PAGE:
But Breitbart's toadies had his back, in the person of a fellow conservative blogger named Matt Lewis.  Lewis went on CNN's Reliable Sources, and went off in criticizing (justifiably) the Obama administration for having Ag Sec. Tom Vilsack can Sherrod without getting her side of the story, but as's Joan Walsh interrupted, the CNN program was focused on media issues, and he was painfully going out of the way not to mention the words Andrew and Breitbart, before Walsh called him on it.

WALSH: Matt, this is a media show. This is a media show. Let's talk about media culpability.

And if you can't say — if you're going to sleep tonight after not saying that Breitbart should apologize, I don't know about your conscience. You ran — you interviewed him and you let him run his mouth saying that this still shows racism in the NAACP.

You didn't challenge him one bit. You gave him —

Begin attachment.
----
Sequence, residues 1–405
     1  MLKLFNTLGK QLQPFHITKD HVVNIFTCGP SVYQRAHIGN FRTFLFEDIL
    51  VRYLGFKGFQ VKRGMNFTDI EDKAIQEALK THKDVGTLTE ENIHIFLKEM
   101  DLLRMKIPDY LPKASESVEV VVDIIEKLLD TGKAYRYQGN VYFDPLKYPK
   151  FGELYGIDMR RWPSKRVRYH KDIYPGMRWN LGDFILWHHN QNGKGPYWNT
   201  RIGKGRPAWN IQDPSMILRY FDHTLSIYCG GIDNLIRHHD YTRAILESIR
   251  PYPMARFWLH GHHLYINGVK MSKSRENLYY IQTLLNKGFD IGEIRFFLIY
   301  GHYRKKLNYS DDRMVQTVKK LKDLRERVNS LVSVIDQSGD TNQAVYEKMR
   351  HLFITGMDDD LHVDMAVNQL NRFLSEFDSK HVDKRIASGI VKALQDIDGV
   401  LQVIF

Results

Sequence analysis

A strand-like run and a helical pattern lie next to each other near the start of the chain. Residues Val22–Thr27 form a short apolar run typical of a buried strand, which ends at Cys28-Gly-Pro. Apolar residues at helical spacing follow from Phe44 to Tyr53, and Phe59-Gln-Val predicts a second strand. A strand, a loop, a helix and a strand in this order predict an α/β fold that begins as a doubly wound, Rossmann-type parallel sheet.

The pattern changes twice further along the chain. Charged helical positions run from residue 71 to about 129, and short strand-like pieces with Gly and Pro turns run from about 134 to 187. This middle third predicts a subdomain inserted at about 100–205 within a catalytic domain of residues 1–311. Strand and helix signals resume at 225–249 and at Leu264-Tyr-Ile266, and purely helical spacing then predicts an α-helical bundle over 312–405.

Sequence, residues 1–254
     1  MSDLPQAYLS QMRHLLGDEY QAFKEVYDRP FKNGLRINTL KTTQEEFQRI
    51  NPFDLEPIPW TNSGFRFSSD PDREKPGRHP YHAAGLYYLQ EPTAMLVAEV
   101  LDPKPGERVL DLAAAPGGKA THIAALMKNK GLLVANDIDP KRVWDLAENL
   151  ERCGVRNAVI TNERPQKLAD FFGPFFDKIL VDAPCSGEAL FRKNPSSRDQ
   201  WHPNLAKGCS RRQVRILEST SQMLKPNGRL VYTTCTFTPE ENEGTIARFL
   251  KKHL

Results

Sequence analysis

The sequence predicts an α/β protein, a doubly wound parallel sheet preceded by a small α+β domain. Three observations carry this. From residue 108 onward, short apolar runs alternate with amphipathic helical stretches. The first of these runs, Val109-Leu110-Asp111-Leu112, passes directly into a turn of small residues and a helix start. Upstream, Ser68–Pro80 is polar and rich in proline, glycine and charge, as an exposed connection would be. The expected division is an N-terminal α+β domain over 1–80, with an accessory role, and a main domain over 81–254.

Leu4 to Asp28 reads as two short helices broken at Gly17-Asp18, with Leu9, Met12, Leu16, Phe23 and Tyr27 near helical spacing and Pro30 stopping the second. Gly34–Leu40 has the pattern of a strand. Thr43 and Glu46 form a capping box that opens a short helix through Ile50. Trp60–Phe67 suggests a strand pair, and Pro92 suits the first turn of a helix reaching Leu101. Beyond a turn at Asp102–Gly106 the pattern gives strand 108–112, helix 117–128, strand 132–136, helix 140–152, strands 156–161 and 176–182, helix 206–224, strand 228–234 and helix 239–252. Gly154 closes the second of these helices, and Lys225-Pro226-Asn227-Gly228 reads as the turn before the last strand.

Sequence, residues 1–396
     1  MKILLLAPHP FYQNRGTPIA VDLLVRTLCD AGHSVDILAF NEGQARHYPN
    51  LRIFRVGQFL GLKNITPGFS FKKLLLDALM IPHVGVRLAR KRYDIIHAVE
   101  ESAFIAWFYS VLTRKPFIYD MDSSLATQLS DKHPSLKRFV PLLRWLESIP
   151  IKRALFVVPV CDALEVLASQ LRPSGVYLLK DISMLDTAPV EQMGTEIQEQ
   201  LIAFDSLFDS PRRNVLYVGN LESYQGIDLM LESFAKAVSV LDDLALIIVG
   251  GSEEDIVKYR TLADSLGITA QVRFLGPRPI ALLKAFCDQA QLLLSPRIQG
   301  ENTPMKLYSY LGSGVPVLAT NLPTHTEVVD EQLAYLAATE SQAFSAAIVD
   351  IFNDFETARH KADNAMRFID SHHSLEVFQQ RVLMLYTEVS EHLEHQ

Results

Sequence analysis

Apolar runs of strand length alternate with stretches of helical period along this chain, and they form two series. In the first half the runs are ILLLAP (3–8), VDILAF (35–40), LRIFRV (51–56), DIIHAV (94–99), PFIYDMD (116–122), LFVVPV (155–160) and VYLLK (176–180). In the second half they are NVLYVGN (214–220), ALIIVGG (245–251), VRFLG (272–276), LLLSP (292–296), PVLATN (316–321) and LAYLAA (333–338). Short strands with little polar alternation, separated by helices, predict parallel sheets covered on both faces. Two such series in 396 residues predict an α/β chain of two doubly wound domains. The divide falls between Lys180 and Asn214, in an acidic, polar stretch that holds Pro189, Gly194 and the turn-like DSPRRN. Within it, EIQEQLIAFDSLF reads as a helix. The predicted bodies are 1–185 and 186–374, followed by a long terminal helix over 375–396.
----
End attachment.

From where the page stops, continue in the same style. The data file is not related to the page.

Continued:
LEWIS: Well, everybody should go read my PoliticsDaily story and let them —

WALSH: I did.

LEWIS: Because I think I did challenge him. I think you're wrong. But look, you're at Netroots Nation. I would expect you to possibly take that standpoint anyway.

WALSH: Excuse me? I'm not at Netroots Nation. Are you on this planet? I'm in San Francisco. I'm not at Netroots Nation.

LEWIS: OK. Oh, it's San Francisco. I'm sorry.

KURTZ: Let me just talk about Shirley Sherrod —

WALSH: Jesus.

Fox News also had its presentation on the issue with a guy who's thrown a few racial bombs himself over the years, former House Speaker Newt Gingrich.  In fact, Fox News Sunday host Chris Wallace asked him about his propensity for making such rash judgments on Sonia Sotomayor last year, and on Shirley Sherrod last week, that he ultimately had to walk back.

Moments later, former DNC Chair Howard Dean flat out called Fox News racist:

"Fox News did something that was absolutely racist," Dean said. "They had an obligation to find out what was really in the clip. They had been pushing a theme of black racism with this phony Black Panther crap and this business and this Sotomayor and all this other stuff."

All in all, some pretty lively discussions on a late July Sunday morning.  Too bad the guy responsible for all of it was hiding out somewhere, watching but not participating.